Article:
New ACC/AHA guidance for preventing heart disease, stroke released

New ACC/AHA guidance for preventing heart disease, stroke released

First published on ScienceDaily.com

The choices we make every day can have a lasting effect on our heart and vascular health. Adopting a heart healthy eating plan, getting more exercise, avoiding tobacco and managing known risk factors are among the key recommendations in the 2019 Primary Prevention of Cardiovascular Disease guideline from the American College of Cardiology (ACC) and the American Heart Association (AHA). Also, it is recommended that aspirin should only rarely be used to help prevent heart attacks and stroke in people without known cardiovascular disease.

The guideline, presented today at ACC’s 68th Annual Scientific Session, offers comprehensive but practical recommendations for preventing cardiovascular disease, which remains the leading cause of death for both men and women in the United States. Nearly 1 out of 3 deaths in the U.S. is due to cardiovascular disease.

“The most important way to prevent cardiovascular disease, whether it’s a build-up of plaque in the arteries, heart attack, stroke, heart failure or issues with how the heart contracts and pumps blood to the rest of the body, is by adopting heart healthy habits and to do so over one’s lifetime,” said Roger S. Blumenthal, MD, co-chair of the 2019 ACC/AHA Guideline on the Primary Prevention of Cardiovascular Disease and the Kenneth Jay Pollin Professor of Cardiology at Johns Hopkins Medicine. “More than 80 percent of all cardiovascular events are preventable through lifestyle changes, yet we often fall short in terms of implementing these strategies and controlling other risk factors.”

Read the full article here.

Midterm recruitment of the Zoom@SVDs study

Midterm recruitment of the Zoom@SVDs study

This text was was first published on www.svds-at-target.eu

In November 2018 the Zoom@SVDs study included the 60th participant, thereby reaching its milestone for midterm recruitment. The Zoom@SVDs study is an observational study that aims to advance our understanding of Small Vessel Disease, a condition in which the small blood vessels in the brain are damaged. We do this by zooming in on the small vessels with one of the strongest MRI scanners currently available for humans, located in the UMC Utrecht.

This study builds on a collaboration between the LMU in Munich (Germany) and the UMC Utrecht (Netherlands). In order to undergo a scan in the strong MRI in Utrecht, the 28 participants that were recruited so far in Munich travelled from all over Germany to Utrecht for an additional visit. Of course, the logistics of this study are very challenging, because flight tickets, train tickets and hotels have to be arranged as well. Also, all study information needed to be officially translated from Dutch to German and the researchers in Utrecht had to refresh their German language skills. However, these joined efforts have resulted in fast recruitment with happy participants and high-quality data.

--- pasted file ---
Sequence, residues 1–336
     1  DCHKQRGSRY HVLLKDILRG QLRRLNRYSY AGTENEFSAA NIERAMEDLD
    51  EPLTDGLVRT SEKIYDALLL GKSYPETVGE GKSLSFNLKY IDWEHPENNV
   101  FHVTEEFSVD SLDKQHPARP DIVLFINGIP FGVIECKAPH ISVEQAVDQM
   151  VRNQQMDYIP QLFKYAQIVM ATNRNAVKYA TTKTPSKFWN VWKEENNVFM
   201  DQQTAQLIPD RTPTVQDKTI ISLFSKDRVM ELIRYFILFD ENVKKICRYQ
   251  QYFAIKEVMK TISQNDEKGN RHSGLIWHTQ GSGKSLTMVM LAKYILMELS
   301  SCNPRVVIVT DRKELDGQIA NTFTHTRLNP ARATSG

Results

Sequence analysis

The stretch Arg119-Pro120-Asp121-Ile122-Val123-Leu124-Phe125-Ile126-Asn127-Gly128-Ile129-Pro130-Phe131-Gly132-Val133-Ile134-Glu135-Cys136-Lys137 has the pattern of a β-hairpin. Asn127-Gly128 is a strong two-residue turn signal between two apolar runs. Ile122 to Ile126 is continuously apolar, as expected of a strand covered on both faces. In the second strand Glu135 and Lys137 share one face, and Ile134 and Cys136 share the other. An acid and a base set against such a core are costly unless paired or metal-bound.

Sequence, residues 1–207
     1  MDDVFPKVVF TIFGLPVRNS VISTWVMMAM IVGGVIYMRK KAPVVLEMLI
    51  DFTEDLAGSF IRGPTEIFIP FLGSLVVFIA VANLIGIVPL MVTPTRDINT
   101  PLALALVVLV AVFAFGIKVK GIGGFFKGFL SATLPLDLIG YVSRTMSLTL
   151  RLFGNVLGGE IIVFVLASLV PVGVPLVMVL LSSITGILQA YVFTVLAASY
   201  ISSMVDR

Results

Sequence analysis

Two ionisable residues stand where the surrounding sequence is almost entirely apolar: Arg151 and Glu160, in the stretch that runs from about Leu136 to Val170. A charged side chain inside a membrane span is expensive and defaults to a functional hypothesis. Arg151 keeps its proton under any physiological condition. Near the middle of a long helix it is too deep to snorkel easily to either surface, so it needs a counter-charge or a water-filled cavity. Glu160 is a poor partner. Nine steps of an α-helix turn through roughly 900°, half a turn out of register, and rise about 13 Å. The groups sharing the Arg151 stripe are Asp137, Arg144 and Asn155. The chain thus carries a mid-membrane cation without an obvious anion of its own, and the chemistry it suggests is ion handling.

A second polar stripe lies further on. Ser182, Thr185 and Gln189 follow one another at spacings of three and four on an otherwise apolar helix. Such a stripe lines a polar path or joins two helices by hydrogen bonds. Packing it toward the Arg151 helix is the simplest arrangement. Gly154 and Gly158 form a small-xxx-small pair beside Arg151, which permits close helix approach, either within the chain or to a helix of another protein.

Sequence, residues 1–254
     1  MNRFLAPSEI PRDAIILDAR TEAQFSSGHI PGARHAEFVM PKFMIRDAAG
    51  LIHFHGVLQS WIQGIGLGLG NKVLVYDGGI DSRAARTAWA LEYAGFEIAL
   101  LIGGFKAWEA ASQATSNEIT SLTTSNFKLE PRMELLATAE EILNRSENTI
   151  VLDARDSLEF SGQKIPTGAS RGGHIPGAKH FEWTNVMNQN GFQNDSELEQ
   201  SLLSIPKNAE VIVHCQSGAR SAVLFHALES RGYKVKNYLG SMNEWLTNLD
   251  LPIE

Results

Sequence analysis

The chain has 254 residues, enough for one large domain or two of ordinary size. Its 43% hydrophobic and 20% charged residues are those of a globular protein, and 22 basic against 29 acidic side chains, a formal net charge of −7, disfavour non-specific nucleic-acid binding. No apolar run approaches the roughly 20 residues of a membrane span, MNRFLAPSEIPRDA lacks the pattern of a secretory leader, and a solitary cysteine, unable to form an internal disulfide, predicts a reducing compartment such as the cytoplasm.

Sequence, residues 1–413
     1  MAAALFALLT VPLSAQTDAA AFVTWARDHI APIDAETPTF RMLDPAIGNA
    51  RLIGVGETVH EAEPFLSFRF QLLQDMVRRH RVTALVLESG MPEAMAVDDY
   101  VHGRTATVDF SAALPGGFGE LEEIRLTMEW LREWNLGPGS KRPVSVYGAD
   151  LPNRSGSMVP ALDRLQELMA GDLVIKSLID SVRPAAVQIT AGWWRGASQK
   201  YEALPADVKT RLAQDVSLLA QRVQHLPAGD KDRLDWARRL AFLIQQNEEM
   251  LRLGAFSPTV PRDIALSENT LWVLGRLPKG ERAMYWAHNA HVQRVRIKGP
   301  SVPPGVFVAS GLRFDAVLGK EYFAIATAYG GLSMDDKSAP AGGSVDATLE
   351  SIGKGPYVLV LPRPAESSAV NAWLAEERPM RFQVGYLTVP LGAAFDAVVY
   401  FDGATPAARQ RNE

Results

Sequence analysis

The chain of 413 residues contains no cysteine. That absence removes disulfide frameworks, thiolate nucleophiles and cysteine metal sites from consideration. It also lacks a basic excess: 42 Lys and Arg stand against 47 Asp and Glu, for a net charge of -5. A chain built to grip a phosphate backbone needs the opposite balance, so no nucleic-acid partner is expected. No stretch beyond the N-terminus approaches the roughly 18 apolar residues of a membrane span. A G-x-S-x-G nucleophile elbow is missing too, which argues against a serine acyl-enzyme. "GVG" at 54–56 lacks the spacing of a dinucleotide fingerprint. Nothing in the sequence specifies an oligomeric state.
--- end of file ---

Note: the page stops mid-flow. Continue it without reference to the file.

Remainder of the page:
Analyses of the first patient data have just started, of which we aim to publish the first results in the coming year. Of course, we will continue our recruitment and will continue to work in close collaboration. This study builds on our dedicated participants and good teamwork; thanks to all involved!

Researchers explore stroke’s effects on microbiome

Researchers explore stroke’s effects on microbiome

First published on ScienceDaily.com

Tumult in the bacterial community that occupies your gut — known as your microbiome — doesn’t just cause indigestion. For people recovering from a stroke, it may influence how they get better.

A recent study by Allison Brichacek and Candice Brown, researchers in the West Virginia University School of Medicine, suggests that stroke patients’ microbiomes — and even the structure of their guts — may still be out of kilter a month after the stroke has passed.